You plead guilty to a DUI a couple months ago, and your license is now suspended. Unfortunately, a problem cropped up at work, and you had to get there in a hurry, so you jumped in your wife’s car and took off. After you missed a stop sign, the police pulled you over. You are now charged with driving on a suspended license.
What can happen to you? What can you do about it?
If you are convicted of driving on a suspended or revoked license due to an underlying alcohol offense, you may be subject to serving a mandatory minimum of 10 days in jail or 30 days of community service on a first offense. For a second offense, the penalty is increased to at least 30 days jail or 300 hours of community service, For a third offense, you no longer have the community service option and you may have to serve a minimum 30 days in jail. After the third offense, the minimum jail term is 180 days.
While your first offense is a Class A Misdemeanor, a second through ninth offense becomes a Class 4 felony, punishable by one to three years in prison and up to a $25,000 fine. After the ninth offense, you may be charged with a Class 3 felony, punishable by 2 to 5 years in prison and up to a $25,000 fine.
The news gets worse if you could have received a Monitoring Device Driving Permit (MDDP), which allows you to drive with a breath-activated ignition device, but failed to do so, or if you got the MDDP but didn’t use the car with that device. Then, your first offense escalates to a Class 4 felony and a minimum jail term of 30 days.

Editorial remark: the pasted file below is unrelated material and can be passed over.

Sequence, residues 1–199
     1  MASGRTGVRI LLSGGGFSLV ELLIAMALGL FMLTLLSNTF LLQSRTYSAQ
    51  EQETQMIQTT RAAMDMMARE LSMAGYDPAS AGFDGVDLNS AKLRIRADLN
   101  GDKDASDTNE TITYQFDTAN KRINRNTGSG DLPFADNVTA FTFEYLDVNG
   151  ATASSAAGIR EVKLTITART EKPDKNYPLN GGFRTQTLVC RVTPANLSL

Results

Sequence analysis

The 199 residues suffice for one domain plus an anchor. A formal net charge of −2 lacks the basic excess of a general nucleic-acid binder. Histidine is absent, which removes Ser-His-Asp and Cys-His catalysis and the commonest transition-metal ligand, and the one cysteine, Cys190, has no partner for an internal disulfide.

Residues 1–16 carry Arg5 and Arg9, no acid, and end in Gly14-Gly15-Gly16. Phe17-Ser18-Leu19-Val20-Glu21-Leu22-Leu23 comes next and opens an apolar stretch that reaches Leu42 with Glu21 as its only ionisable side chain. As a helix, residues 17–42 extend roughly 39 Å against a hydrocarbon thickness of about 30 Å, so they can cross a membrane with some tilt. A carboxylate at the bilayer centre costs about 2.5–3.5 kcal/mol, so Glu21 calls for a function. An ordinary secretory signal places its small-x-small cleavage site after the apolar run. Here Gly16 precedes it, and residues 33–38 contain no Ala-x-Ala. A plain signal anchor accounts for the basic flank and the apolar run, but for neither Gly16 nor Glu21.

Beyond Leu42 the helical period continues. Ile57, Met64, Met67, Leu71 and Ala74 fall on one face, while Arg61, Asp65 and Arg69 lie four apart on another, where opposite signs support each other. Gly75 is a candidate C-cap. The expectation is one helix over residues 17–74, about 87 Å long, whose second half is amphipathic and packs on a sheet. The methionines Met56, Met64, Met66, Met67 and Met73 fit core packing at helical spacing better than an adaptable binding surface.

In addition to the criminal punishment, the Secretary of State can substantially increase the length of time that your driver’s license is suspended.
Getting caught driving on a suspended license can be pretty dire, but not entirely hopeless. The state has the burden of proving beyond a reasonable doubt that you were driving, and that your license was suspended or revoked for an underlying alcohol-related offense. This is not a difficult burden for the state to prove, but you may still have a valid defense. Did the police have probable cause to stop you? Was there an emergency that forced you to drive? Is there some mistake concerning the underlying reason for your suspension? An experienced criminal law attorney can help you evaluate possible defenses. Even where there is no credible defense, in many cases, a respected attorney can still help negotiate a more favorable plea agreement than you could on your own.
If you have questions about your situation, feel free to contact Matt Keenan at 847-568-0160 or email firstname.lastname@example.org for advice.